Ren Zhen Yu's artworks aren't just simple colour filters

Icons imagined

Text: Adibah Isa

Image: Ren Zhen Yu

Chinese artist Ren Zhen Yu's technique is a masterclass in redefining what it means to be an icon

Although Tianjin artist Ren Zhen Yu's work can be identified by his vibrant use of colour, he sees coloured photographs as a void. "When I see coloured photos, I am lost and void of creativity and imagination," said the 41-year-old in a video interview for Ode To Art, a contemporary art gallery in Singapore. Working based off black and white photos, the artist has made a name of himself through his reimagined paintings of historical and political icons.

Returning to Singapore with a solo exhibition, '一个人.一个世界 (One Man, One World)' after 10 years, Ren will introduce 20 new works that feature the likes of Mahatma Gandhi, Mother Teresa, Lee Kuan Yew and Bruce Lee. A household name in China for his depictions of Mao Zedong and other political figures, his painting of Lee recently fetched at S$500,000. Other icons he has depicted include Andy Warhol, Elizabeth Taylor, Audrey Hepburn, Marilyn Monroe and Charlie Chaplin. Combining expressionist, abstract and figurative styles, Ren refers to black and white photos — a medium which gives him "multiple senses at one glance" — and reproduces them in his own interpretation of colour.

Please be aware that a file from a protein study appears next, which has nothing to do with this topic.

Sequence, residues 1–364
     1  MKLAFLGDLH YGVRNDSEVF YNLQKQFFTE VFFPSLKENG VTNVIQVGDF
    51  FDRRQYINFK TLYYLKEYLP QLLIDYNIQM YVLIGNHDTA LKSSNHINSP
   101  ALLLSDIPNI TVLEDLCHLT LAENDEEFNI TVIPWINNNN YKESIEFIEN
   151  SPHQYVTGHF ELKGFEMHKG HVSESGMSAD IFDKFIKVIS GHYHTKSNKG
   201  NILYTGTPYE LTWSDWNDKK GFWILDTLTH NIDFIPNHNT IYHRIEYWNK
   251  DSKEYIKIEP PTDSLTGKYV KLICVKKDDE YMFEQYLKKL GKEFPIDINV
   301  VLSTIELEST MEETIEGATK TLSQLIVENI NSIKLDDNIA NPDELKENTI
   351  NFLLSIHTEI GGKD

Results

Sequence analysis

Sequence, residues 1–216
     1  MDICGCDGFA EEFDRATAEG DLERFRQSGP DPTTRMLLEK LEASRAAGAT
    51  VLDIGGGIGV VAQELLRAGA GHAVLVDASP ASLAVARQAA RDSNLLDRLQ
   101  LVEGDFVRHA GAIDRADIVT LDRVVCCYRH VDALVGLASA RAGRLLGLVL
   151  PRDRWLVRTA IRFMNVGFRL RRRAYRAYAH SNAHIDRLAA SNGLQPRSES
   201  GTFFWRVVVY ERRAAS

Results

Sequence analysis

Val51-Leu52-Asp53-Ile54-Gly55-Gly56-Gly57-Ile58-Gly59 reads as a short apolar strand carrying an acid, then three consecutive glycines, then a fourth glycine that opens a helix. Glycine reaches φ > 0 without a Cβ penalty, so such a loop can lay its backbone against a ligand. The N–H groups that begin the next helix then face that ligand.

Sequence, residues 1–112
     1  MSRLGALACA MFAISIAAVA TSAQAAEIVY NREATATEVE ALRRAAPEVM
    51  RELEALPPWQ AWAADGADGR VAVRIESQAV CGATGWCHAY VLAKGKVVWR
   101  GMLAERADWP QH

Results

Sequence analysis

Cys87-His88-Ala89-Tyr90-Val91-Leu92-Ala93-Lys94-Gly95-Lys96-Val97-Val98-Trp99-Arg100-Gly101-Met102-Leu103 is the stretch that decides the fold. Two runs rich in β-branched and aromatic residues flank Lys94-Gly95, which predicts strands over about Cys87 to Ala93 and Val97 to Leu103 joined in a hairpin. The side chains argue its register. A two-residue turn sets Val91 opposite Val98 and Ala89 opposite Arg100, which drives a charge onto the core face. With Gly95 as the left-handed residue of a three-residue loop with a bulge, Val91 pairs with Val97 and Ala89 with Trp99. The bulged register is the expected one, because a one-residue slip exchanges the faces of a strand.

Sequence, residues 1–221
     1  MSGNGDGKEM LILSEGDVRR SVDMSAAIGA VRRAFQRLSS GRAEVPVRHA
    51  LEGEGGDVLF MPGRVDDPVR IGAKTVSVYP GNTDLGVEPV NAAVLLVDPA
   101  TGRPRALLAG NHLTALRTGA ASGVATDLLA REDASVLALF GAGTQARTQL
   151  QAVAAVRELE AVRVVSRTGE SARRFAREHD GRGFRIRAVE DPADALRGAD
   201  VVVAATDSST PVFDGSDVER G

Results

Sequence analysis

Using a palette knife, the wide spectrum of colours are built layer upon layer, reinforcing the portrayal of icons from different perspectives. Ren uses the interaction between brightness and colour to present the diversity of these icons we're so used to seeing on screen. His loose and soft textures play with tones, exemplifying the eroding power of time and investigating the concept of what makes a figure iconic and the perceptions that come with such a term. Scroll through the gallery above for another look at the people you've come to admire, or hate.

Ode To Art is located at Raffles City Shopping Centre, #01-36E/F.


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